AKA has extended-stay properties in three Manhattan neighborhoods (Central Park, Times Square, and Sutton Place). It offers a hotel-like experience, with free wifi, housekeeping, coffee and tea service and access to gyms, lounges, a screening room and business center. Rooms range from studios to penthouse suites, all with gourmet kitchens.
Both Sonder and Blueground lean as much toward residents as tourists, with stylish spaces in desirable neighborhoods (mostly in Manhattan). Rates start at $3,730 a month for a one bedroom through Blueground and $133 a night for a Sonder one bedroom with a minimum 30-day stay ($3,990)—both are several hundred dollars less than last year’s prices. These are less all-inclusive types of places, for example some amenities require a fee, but if you’re not using a gym or pool—you might appreciate not having to pay for it.
5) Rent a co-living space
If you fit the profile (18- to -35-year-old professional working in tech or creative sectors) and don’t mind sharing your temporary home with strangers, consider the city’s numerous co-living opportunities. These “adult dorms” offer a private bedroom in a stylish space, complete with access to a stocked kitchen, housecleaning, and buildings with modern perks. Most companies also create opportunities for networking and socializing through pop-up events and happy hours (now on hold or online because of the pandemic).
You can expect a private bedroom start at around $1,150, slightly more for one with a private bath. A few companies require an additional membership fee.
Because they bundle the cost of the rental with utilities, co-living companies are big on convenience. Plus they are driving the industry toward a digital-first platform for a tech-savvy constituency. (For more information on these and other companies, check out "Brick Underground's guide to co-living spaces in NYC.")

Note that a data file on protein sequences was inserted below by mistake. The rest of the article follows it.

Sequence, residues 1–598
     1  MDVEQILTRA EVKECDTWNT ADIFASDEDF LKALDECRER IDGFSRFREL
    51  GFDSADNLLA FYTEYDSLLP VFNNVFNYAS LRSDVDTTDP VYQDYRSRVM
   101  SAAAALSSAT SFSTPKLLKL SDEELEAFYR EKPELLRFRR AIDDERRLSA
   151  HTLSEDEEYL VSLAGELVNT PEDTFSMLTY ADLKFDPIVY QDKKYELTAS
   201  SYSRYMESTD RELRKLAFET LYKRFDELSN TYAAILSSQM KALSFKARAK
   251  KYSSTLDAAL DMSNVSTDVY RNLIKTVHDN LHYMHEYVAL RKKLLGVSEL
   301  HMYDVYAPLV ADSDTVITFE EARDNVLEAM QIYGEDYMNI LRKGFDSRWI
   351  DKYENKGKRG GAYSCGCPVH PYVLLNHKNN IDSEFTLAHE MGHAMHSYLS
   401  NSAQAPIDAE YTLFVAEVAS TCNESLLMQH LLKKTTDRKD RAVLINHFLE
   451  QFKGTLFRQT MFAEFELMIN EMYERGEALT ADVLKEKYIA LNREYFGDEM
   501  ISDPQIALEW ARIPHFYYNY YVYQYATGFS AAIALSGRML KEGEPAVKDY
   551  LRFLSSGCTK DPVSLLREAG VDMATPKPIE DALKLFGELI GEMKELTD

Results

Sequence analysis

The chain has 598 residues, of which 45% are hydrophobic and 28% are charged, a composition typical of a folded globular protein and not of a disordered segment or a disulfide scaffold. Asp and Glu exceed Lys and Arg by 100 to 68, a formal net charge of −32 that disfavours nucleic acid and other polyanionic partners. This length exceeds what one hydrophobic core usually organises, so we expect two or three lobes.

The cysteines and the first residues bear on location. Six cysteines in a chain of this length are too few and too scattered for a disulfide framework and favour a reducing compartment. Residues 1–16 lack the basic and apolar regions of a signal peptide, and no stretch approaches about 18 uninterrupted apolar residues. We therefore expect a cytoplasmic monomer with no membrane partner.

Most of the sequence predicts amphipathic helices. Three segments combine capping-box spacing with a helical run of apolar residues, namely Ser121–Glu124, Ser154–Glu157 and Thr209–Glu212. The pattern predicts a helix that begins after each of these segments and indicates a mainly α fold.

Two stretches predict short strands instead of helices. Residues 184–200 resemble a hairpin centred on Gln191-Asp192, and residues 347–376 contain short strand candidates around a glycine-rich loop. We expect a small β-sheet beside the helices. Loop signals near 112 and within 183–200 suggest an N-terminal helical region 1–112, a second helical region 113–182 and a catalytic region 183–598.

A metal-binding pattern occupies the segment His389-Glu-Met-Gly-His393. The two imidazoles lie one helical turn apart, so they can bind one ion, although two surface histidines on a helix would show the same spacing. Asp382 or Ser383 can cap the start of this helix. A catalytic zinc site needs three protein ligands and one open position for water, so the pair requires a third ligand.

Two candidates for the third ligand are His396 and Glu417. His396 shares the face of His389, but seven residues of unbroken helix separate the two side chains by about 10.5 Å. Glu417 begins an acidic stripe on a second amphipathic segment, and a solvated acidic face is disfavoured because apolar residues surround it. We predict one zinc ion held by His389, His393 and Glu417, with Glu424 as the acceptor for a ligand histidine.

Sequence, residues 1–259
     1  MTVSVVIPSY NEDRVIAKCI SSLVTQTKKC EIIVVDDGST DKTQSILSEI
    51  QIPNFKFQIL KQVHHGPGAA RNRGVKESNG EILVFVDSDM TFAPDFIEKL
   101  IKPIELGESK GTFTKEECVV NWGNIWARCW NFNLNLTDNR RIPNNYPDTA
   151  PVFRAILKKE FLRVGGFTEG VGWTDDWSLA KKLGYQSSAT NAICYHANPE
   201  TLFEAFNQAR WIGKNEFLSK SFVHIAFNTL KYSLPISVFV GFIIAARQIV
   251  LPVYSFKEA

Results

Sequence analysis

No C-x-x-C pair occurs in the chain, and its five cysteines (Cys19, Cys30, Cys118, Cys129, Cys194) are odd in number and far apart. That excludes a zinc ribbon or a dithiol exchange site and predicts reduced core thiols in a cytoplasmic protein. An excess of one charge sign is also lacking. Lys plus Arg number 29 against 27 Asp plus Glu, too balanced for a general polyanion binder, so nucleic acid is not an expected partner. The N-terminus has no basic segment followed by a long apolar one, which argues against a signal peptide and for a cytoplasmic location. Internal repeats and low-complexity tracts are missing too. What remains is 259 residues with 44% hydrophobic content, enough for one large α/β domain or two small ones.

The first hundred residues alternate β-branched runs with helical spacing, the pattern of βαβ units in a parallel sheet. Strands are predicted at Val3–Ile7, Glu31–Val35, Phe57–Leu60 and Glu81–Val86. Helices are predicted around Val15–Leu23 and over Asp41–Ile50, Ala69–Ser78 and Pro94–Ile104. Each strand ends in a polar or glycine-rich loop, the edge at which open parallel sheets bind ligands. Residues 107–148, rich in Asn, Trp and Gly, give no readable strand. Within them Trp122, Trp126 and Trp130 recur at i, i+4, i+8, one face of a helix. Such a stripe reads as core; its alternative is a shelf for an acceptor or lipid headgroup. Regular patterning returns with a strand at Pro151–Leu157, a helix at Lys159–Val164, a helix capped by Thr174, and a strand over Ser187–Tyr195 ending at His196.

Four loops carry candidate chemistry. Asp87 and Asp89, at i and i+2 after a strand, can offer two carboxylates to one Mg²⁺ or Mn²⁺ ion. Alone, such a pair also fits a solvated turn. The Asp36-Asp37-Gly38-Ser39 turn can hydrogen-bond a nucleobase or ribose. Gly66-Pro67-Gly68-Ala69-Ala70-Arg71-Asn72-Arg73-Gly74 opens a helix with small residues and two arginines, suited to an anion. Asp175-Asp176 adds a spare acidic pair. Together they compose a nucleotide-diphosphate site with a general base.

6) Let a broker do the work
Finding a broker who is well-versed in short-term rentals is another option, especially if you want someone to do the heavy lifting for you.
“There are a few agencies that specialize in short-term furnished inventory,” says Triplemint’s Lang. Apt212 and Manhattan Management Group are a couple. “Most of the larger brokerages also have relocation specialists or agents with experience in short-term rentals,” he adds.
You will have to be willing to fork over a fee, usually a month’s rent for shorter leases or 15 percent for anything over six months.
“Working with a reputable broker may save you money in the end because we can negotiate on your behalf and broaden your options,” says Tracie Hamersley, a broker at Douglas Elliman. Plus you can capitalize on their connections. “I called a property manager who had just happened to speak to a tenant who was looking to sublet her apartment, and I was able to place my client in a short-term lease. That serendipity happens all the time.”
Hamersley also has a valuable resource in the firm’s internal bulletin board, where she can reach out to all 4,000 agents across the city to find leads on rentals that may be off market or broker-to-broker. “I can post what I am looking for and quickly get a match,” she says.
Over the past 18 years, Michelle Sedlitz, an agent at Citi Habitats, has helped people rent out their furnished apartment for the summer or while out of the country for half the year, most recently a six-month sublet of a three-bedroom, two-and-a-half-bath condo (with the board’s permission). “I always tell renters these furnished short-term rentals will be expensive, but every now and then I find a tenant/landlord willing to come down quite a bit on the price.”
Sedlitz also finds that renters are willing to forego the bells and whistles and save money on a basement unit in a walk-up.
7) Tap your social networks
The old word-of-mouth method also yield results. Ask your friends, co-workers, neighbors, dog-park acquaintances, gym buddies, whoever else you know if they (or someone they know) will be vacating or subletting their apartment. Post your request on social media channels, including the local marketplaces on Facebook. Be creative and persistent. You never know.
—Earlier versions of this article contained reporting and writing by Lucy Cohen Blatter and Donna M. Airoldi.